Aim: The goal is to assess the efficacy of cement type, preparation angle regarding stresses generated on a crown used for covering mandibular first molar under maximum compressive masticatory force. Materials and Methods: Two three-dimensional (3D) finite element models have been created in the study where molar roots and preparation were modeled by engineering CAD/CAM and crown was 3D scanned. The model components were assembled in ANSYS environment with simplified bone geometry. Four analyses were done on the two models to test cement types (Glass ionomer and resin cement) and preparation angles (10° and 18°). Results: Resin cement showed less von Mises stress by about 4% than the glass ionomer at high preparation angle (18°). With preparation angle of 10°, resin cement showed superior behavior by receiving about 30% less von Mises stress in comparison to glass ionomer. Conclusions: Thin cement layer of 40 μm thickness has no effect on the underneath structures. The E-max crown above resin cement and 18° preparation angle may be better than the same combination with 10° preparation angle for roots and bone. On the other hand, 10° preparation angle reduced the crown stresses dramatically.
  - 1,792 105
The efficacy of anticalculus mouth rinse in moderate gingivitis patients with and without professional intervention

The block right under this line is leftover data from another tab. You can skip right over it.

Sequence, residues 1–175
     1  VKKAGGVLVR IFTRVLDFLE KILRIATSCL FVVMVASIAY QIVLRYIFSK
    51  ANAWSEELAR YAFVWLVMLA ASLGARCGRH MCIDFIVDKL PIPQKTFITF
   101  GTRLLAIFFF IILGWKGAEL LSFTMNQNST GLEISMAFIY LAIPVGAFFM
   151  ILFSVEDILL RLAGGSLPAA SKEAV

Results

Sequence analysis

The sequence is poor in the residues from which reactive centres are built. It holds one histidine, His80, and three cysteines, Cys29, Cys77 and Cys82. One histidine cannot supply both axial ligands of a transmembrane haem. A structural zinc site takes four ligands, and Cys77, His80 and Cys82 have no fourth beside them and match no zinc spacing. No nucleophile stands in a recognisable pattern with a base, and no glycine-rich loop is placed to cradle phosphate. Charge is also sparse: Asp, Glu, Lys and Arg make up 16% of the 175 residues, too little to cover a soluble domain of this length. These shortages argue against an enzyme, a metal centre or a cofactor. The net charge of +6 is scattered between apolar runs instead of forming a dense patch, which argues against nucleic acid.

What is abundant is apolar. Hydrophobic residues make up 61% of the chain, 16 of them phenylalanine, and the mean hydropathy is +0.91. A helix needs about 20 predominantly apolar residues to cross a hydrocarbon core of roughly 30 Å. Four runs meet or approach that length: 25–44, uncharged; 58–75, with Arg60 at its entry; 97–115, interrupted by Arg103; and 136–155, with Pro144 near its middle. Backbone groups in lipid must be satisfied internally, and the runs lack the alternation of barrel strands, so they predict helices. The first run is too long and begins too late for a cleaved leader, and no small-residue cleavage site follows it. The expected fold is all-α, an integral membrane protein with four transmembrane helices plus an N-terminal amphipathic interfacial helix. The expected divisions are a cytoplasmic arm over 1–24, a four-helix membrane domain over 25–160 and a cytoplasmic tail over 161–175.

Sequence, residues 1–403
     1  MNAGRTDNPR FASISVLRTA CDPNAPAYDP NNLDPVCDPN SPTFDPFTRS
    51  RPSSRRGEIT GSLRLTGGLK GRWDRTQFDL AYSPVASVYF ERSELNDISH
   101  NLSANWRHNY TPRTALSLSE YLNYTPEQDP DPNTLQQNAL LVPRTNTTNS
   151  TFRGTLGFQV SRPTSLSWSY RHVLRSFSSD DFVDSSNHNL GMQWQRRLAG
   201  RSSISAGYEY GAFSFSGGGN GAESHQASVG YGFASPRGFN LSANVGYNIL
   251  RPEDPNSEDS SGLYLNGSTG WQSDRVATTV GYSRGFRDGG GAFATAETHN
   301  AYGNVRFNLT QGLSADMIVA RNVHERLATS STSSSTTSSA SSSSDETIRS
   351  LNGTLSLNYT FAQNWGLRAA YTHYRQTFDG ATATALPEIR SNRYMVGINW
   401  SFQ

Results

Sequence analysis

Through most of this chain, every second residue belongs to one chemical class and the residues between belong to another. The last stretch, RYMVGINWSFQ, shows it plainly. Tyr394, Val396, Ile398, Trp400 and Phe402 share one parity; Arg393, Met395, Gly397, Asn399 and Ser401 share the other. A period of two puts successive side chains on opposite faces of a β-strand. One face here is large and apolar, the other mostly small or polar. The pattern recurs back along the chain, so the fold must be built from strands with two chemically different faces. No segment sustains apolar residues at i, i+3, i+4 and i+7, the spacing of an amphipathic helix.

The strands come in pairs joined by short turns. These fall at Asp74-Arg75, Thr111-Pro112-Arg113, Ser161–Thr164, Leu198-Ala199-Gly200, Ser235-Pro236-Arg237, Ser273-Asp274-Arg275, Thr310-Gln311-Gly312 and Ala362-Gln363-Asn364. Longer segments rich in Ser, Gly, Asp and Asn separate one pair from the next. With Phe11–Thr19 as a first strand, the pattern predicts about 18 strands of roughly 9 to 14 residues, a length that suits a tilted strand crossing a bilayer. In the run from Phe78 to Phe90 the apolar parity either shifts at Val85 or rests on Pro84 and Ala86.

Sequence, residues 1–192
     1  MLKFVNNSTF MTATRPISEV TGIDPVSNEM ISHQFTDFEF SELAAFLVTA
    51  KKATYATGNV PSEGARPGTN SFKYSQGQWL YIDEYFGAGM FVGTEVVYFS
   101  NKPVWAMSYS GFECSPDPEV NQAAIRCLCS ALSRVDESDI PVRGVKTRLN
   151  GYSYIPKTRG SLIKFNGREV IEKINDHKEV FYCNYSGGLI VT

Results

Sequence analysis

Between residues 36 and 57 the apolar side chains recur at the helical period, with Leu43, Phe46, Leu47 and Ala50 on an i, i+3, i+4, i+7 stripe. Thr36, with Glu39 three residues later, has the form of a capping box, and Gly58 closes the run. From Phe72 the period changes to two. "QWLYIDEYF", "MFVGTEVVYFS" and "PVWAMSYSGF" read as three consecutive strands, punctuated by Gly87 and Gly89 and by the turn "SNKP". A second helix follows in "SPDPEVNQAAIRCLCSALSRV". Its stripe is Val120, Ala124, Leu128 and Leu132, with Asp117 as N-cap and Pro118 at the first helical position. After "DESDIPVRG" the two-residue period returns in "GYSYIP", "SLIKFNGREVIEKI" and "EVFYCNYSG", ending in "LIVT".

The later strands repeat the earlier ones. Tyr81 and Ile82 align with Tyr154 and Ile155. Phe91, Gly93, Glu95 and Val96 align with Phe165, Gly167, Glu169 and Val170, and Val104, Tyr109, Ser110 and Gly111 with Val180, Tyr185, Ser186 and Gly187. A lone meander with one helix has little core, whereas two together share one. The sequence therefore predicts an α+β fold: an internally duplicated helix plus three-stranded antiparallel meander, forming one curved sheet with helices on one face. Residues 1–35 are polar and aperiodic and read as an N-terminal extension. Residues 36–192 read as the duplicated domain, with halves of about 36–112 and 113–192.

Regina T. C. Tandelilin, Alma Linggar Jonarta, Elastria Widita, Rajiv Saini
May-June 2018, 10(3):148-151
Aim: Gingivitis has been defined as the reversible dental plaque-induced inflammation of the gingiva without detectable bone loss or clinical attachment loss. It is frequently encountered in dental practice and affected people of all ages and describes the condition of the dental soft tissue. There is always a correlation between the presence of calculus and the prevalence of gingivitis. The aim of this clinical study was to assess the efficacy of anticalculus mouthwash on reduction of plaque and calculus with and without professional intervention. Materials and Methods: A total of 40 volunteers with clinical signs of moderate gingivitis were selected and after a washout period of 2 weeks divided into groups, with and without any professional intervention. The patients were instructed to use anticalculus mouth twice daily. Clinical assessment was carried out using the plaque index based on Silness and Loe method, gingival index based on Loe and Silness method, and calculus index of Oral Hygiene Index-Simplified at baseline, 1 month, and 2-month days of the anticalculus mouthwash use. Statistically analysis was carried out using the Kruskal–Wallis and Mann–Whitney test for comparative analysis. Results: The study proved that anticalculus mouthwash was effective in lowering all the clinical scores both with and without any professional intervention. However, the optimal results were achieved when combined with professional scaling. Conclusion: Anticalculus mouthwash is effective in controlling plaque-induced gingivitis and lowering clinical scores.
  - 5,575 167